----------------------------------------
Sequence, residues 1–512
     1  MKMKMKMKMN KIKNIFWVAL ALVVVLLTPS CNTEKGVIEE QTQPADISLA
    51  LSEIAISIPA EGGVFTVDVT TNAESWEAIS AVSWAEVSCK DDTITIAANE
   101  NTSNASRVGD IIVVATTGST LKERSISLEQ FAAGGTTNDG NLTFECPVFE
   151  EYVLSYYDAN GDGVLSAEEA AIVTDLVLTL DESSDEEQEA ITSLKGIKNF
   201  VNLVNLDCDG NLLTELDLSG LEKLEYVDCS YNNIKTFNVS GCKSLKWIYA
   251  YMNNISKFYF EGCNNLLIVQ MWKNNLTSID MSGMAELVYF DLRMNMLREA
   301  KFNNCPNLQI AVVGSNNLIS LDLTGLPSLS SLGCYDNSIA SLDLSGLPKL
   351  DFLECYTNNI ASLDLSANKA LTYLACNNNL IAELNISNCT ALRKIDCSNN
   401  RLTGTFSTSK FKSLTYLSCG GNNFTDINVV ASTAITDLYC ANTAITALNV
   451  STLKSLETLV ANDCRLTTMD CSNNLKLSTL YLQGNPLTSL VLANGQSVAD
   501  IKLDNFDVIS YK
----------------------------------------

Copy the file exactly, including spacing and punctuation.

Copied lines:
Sequence, residues 1–512
     1  MKMKMKMKMN KIKNIFWVAL ALVVVLLTPS CNTEKGVIEE QTQPADISLA
    51  LSEIAISIPA EGGVFTVDVT TNAESWEAIS AVSWAEVSCK DDTITIAANE
   101  NTSNASRVGD IIVVATTGST LKERSISLEQ FAAGGTTNDG NLTFECPVFE
   151  EYVLSYYDAN GDGVLSAEEA AIVTDLVLTL DESSDEEQEA ITSLKGIKNF
   201  VNLVNLDCDG NLLTELDLSG LEKLEYVDCS YNNIKTFNVS GCKSLKWIYA
   251  YMNNISKFYF EGCNNLLIVQ MWKNNLTSID MSGMAELVYF DLRMNMLREA
   301  KFNNCPNLQI AVVGSNNLIS LDLTGLPSLS SLGCYDNSIA SLDLSGLPKL
   351  DFLECYTNNI ASLDLSANKA LTYLACNNNL IAELNISNCT ALRKIDCSNN
   401  RLTGTFSTSK FKSLTYLSCG GNNFTDINVV ASTAITDLYC ANTAITALNV
   451  STLKSLETLV ANDCRLTTMD CSNNLKLSTL YLQGNPLTSL VLANGQSVAD
   501  IKLDNFDVIS YK